Mister Softee's tune is the quintessential sound of summer, but when his whimsical chimes are on repeat day after day, it can almost discourage an ice cream cone purchase for some New Yorkers (perish the thought).
According to data from Localize.City, roughly 1,200 calls to 311 have been placed over the past year (through Aug 15) regarding the truck's music. Drivers continually make a beeline to particular locations where they expect to cash in on sales, but not everyone is terribly pleased with their route.
"It’s apparent that ice cream trucks know their audience and are targeting parks and playgrounds—but families might not be totally cool about that,” data analyst Daniel Slutsky said in a statement.
Looks like a little outdoor fun is interrupted with the infamous tune—one kids can't resist but parents wish would disappear. As a result, Localize.city decided to uncover where the most complaints have been filed over the past 12 months (through July 30). Its scientists mapped out clusters of complaints within 1,760 feet of one another to pinpoint which area was being targeted the most. Are you located near any of these top complaint spots?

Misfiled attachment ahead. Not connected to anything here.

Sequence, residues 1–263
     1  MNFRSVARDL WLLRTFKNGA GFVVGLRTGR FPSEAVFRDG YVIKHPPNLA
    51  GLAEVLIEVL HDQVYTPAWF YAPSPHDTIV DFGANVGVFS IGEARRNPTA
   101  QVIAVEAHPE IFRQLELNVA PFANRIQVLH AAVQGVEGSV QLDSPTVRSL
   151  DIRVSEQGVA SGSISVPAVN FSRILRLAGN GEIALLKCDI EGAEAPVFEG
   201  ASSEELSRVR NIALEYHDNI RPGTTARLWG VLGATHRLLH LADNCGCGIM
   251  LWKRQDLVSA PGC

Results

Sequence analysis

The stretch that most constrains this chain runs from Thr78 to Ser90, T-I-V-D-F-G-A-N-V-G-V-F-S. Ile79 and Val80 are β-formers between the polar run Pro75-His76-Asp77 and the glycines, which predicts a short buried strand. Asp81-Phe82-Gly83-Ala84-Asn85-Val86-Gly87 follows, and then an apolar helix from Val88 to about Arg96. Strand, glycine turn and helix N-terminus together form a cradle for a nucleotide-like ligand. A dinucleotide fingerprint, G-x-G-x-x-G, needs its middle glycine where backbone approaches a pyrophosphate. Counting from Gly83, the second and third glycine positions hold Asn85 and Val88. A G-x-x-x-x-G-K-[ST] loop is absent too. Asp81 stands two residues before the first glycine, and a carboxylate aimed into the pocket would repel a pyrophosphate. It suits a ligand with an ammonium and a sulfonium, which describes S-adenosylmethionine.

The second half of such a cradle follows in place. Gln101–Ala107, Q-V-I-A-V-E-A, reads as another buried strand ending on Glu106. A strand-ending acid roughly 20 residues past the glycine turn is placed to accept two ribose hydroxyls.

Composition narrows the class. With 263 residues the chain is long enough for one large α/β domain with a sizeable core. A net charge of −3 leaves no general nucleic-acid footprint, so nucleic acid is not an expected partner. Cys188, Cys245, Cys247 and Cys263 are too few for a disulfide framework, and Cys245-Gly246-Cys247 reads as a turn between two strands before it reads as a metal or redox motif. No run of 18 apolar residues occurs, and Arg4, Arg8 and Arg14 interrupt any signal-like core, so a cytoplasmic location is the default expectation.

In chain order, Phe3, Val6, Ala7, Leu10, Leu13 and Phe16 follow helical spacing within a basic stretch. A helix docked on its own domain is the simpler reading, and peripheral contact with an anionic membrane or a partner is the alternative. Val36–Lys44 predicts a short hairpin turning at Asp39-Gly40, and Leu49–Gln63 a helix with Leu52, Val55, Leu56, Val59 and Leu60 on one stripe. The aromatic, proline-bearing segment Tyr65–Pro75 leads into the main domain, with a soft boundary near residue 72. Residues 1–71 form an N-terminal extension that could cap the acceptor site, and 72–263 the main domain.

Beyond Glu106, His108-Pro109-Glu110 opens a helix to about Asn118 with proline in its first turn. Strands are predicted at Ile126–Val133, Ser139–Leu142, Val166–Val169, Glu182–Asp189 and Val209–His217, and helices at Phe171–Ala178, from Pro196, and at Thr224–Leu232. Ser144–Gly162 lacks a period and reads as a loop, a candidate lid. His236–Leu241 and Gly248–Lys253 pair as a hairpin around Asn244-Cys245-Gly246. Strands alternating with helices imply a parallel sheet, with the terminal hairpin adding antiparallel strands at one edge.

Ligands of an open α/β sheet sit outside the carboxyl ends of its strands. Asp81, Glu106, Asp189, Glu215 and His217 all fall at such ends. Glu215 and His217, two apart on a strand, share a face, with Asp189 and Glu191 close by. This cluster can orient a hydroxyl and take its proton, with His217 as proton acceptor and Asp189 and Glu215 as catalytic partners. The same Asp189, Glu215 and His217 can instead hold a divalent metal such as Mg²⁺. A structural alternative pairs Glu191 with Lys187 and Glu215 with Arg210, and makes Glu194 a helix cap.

- Captain Tilly Park in Jamaica, Queens
- Union Square Park and Madison Square Park in Manhattan
- Bailey Playground, Fort Independence Playground and Van Cortlandt Park in the Bronx
- Rainbow Playground, Brizzi Playground in Sunset Park, Brooklyn
- Newtown Playground in Elmhurst, Queens
- Linnette C Williamson Memorial Park, Martin Luther King Jr. Playground, Morningside Park, Marcus Garvey Park, TRUCE Garden and Playground One Twenty Five CXXV in East Harlem, Manhattan
- Whalen Park in Norwood, Manhattan
- John Hancock Playground, Herbert Von King Park, Hattie Carthan Community Garden, Banneker Playground and Tranquility Farm in Bed-Stuy, Brooklyn
- Nicholas Naquan Heyward Jr. Park, Boerum Park, North Pacific Playground, Fort Greene Park and Oracle Playground in Fort Greene/Boreum Hill, Brooklyn
- Soundview Park in the Bronx
- Annunciation Playground, Jacob H. Schiff Playground, Montefiore Square, Alexander Hamilton Playground, Frank White Memorial Garden, Carmansville Park and Jackie Robinson Park in West Harlem, Manhattan
- Inwood Hill Park, Fort Tryon Park, Dyckman House Museum and Isham Park in Inwood, Manhattan
"The local hot spots might vary year-to-year, but it’s clear that there remain corridors where residents are persistently annoyed by the song and trying to do something about it,” Slutsky added.
Though the results can be a bit overwhelming, complaints did drop 20 percent from last year. So what do you think? Are people getting used to Mister Softee's beat or are they fleeing because of his jam?